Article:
Remember, recollect, recall, remind, reminisce, bethink, mind are not as a group synonymous terms, although they all carry as their basic meaning to put one (often oneself) in mind of something. Remember, except in a few idiomatic expressions such as "remember me to him" (i.e., put me and my regard for him in his mind) and in older literary use (as, "Remembering them the truth of what what they themselves know"—Milton), now implies a putting oneself in mind of something. The term in current use carries so strong an implication of keeping in one's memory that it often implies no conscious effort or willing; [examples omitted]. Recollect ... etymologically presupposes a scattering and implies a gathering of that which has been scattered: it is distinguished from remember in presupposing a letting go from rather than a retaining in one's memory and therefore implies a bringing back, sometimes with effort, to one's own mind that which has not been in it for an appreciable period of time; [examples omitted]. When used reflexively, recollect usually implies a remembrance of something one has forgotten in one's eagerness, excitement, anger, or the like, such as one's manners or one's real intention [examples omitted]. Recall often comes close to recollect in implying volition or an effort to bring back what has been forgotten, but it differs from recollect in suggesting a summons rather than a process of thought; often, also, it connotes a telling of that which is brought back; [examples omitted].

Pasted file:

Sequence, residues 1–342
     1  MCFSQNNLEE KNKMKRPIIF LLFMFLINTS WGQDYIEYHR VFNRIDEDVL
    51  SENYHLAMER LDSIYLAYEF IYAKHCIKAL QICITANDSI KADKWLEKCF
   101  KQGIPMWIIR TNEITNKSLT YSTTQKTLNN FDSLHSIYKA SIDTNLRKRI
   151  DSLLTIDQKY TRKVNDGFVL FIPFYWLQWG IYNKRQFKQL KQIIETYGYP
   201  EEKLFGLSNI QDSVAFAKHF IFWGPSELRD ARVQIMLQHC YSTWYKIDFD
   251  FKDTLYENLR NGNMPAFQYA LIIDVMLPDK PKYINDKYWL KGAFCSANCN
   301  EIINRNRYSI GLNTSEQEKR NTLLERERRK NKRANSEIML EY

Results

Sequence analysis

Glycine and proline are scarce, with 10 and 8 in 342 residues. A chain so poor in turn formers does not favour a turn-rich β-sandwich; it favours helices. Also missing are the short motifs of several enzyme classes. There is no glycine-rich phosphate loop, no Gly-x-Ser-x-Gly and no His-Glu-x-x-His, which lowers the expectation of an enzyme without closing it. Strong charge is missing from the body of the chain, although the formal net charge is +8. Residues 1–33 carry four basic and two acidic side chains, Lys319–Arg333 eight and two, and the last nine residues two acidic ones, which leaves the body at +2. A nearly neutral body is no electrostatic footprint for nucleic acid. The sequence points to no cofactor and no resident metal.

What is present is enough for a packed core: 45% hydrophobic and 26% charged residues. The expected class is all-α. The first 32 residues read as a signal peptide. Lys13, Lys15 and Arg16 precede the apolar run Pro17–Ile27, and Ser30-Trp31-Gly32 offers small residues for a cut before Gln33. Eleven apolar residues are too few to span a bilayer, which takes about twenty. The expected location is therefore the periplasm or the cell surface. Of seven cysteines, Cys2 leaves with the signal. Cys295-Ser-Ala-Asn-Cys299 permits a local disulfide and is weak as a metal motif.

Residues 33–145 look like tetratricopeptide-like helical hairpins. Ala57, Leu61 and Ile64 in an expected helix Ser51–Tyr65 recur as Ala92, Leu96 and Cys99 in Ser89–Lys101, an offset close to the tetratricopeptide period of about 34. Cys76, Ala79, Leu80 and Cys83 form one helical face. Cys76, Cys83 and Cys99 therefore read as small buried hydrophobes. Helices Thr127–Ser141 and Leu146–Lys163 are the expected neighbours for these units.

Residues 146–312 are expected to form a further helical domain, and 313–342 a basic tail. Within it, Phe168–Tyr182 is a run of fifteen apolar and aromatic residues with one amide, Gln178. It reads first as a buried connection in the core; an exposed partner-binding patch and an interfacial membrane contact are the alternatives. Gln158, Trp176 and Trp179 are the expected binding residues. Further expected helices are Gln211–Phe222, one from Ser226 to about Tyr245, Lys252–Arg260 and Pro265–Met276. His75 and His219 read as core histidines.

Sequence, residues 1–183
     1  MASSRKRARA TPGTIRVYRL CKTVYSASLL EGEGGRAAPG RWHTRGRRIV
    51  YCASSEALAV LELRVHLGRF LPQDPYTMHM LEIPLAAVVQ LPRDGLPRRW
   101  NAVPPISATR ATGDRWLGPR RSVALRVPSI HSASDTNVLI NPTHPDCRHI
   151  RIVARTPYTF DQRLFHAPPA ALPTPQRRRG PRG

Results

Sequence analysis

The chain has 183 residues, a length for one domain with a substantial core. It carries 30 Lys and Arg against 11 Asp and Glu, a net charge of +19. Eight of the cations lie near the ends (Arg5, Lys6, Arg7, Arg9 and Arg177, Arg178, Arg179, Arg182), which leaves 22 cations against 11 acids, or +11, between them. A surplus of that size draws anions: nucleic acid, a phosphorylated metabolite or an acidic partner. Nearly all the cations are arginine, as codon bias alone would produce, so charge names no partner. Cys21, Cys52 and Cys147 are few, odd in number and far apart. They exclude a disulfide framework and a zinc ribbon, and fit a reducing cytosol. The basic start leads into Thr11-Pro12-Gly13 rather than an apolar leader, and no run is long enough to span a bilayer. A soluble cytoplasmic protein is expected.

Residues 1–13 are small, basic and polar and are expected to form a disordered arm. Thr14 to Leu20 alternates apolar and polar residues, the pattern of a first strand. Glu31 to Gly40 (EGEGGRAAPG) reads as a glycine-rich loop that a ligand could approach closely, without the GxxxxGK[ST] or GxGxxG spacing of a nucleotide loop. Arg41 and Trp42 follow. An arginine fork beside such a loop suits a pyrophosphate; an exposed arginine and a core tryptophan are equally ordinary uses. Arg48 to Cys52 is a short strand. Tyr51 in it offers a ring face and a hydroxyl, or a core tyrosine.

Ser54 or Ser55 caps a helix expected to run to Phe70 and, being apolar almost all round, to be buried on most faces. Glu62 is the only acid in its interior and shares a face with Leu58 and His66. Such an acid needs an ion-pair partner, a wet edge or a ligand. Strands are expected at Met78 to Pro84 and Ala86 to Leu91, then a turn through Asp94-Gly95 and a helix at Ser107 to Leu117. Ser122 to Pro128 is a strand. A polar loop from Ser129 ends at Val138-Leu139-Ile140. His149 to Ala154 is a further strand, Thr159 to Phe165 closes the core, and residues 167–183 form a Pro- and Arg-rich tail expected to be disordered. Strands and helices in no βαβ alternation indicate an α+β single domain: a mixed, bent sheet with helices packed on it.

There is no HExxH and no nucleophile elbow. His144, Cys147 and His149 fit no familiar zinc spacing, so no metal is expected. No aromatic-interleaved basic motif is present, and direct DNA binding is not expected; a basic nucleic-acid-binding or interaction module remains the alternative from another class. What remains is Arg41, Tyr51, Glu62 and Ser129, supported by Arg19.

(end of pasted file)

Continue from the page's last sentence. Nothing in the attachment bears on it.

To somewhat similar effect is discussion in S.I. Hayakawa, Modern Guide to Synonyms (1968), which groups remember and recall with memorize, recollect, remind, reminisce, retain, and review:

These words refer to the act of summoning up the past, to its spontaneous cropping up in the mind, or to the fixing of present data in the memory for future reference. Remember can refer generally to any mental glance at the past, voluntary or involuntary: [examples omitted]. But often the word specifically suggests the staying power of a vivid past event or circumstance: [example omitted]. Recall is more formal than remember and more often indicated a voluntary summoning up of the past, whether silently for oneself or verbally for others. [Examples omitted.] But unlike remember, the word can refer to something in the present that resembles and therefore calls up something in the past; a view that recalled to him the fishing village he had stayed in during the war. ...

When used interchangeably with recall, recollect can have a regional flavor: I don't rightly recollect when I saw her last. But the word can apply without this flavor to the act of casting one's mind back over past events in a leisurely and ruminative manner, whether silently to oneself or verbally to others. The word can suggest the active process of piecing together dimly remembered and half-forgotten details: [examples omitted].

As these discussions indicate, remember tends to be the most widely applicable term of the three to instances of tapping into one's memory; recall commonly implies an active effort to summon up a remembrance of one or more past events; and recollect more strongly suggests gathering scattered fragments of memory into a coherent whole. But there are a great many instances in which any of these three synonyms could be used interchangeably without causing the least misunderstanding of the intended meaning.